Butyl methacrylate

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Contents

Description

A clear, colorless liquid used for the production of acrylic resins. As early as the 1930s, solutions of polyisobutyl methacrylate (then Lucite® 45, now Elvacite® 2045) and poly n-butyl methacrylate (then Lucite® 44, now Elvacite® 2044) were used as picture varnishes (Epley 1998). By the 1960s, the resins fell into disuse because tests indicated they can crosslink. In the mid 1980s, Golden Artist colors introduced Golden MSA varnishes a proprietary mixture of isobutyl and n-butyl methacrylate polymers in a mineral spirits/Stoddard solvent type mixture. Polybutyl methacrylate was also used to make Magna Plastic paints from 1949 to the mid-1970s. A similar formulation is now made and sold as MSA colors.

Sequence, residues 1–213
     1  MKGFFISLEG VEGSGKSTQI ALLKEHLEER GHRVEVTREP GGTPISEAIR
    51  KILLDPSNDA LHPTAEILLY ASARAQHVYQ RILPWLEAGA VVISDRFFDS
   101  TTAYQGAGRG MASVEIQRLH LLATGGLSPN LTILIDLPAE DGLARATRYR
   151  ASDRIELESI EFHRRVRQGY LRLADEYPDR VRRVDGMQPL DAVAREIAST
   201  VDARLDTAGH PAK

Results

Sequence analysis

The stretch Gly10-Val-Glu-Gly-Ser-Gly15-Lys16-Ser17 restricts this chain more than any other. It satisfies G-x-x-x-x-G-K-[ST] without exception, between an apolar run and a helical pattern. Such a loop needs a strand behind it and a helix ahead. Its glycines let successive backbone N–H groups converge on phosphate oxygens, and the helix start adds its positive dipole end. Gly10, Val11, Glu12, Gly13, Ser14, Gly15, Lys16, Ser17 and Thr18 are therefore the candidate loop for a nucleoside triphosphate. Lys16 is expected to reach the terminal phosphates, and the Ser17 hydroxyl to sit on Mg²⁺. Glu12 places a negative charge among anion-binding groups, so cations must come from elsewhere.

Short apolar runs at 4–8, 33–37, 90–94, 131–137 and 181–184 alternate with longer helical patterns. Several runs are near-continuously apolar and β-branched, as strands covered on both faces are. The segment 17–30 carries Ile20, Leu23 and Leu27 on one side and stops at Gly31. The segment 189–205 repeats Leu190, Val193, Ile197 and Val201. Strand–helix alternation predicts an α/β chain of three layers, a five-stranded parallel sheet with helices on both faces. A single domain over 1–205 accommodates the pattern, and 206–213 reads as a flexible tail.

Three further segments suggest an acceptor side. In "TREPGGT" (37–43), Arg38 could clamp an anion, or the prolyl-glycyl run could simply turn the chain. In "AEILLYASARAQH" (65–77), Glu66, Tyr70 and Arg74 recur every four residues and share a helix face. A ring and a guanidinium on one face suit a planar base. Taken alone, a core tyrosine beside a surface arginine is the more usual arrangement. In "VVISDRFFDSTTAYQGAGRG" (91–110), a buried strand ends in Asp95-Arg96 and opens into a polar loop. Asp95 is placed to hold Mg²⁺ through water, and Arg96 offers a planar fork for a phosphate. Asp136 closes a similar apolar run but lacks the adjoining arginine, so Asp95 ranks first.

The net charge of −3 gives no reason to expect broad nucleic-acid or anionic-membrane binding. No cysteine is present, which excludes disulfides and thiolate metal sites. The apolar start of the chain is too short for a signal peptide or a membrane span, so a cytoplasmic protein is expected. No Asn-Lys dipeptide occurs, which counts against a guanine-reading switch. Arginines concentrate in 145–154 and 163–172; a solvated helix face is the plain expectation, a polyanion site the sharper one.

See also polymethyl methacrylate.

Synonyms and Related Terms

poly (n-butylmethacrylate); pnBMA; polibutilmetacrilato (Esp.); poli (n-butilmetacrilato) (Esp.); butyl-méhacrylate (Fr.); poli butil methacrilato (It.); polibutilmetacrilato (Port.); methacrylic acid; butyl ester

Examples: Lucite® 44; Elvacite® 2044

Chemical structure

Butyl methacrylate.jpg


Other Properties

Insoluble in water.

Tg = 22 C

Composition H3C:CCH3COOC4H9
CAS 97-88-1
Melting Point -75
Density 0.895
Molecular Weight mol. wt. = 142.097
Refractive Index 1.4220
Boiling Point 163-164

Hazards and Safety

Combustible. Flash point = 41 C Moderate fire risk.

Lachrymator. Toxic by ingestion. Contact causes irritation.

Potential teratogen.

Crosslinks under strong fluorescent light exposure.

Fisher Scientific: MSDS

Additional Information

B. Epley, "The History of Synthetic Resin Varnishes", AIC Painting Conservation Catalog: Varnishes and Surface Coatings, p.39, 1998.

Comparisons

Physical Properties for Selected Thermoplastic Resins

General Characteristics of Polymers


Sources Checked for Data in Record

  • Paintings Specialty Group, Painting Conservation Catalog, Wendy Samet (ed.), AIC, Washington, DC, 1998

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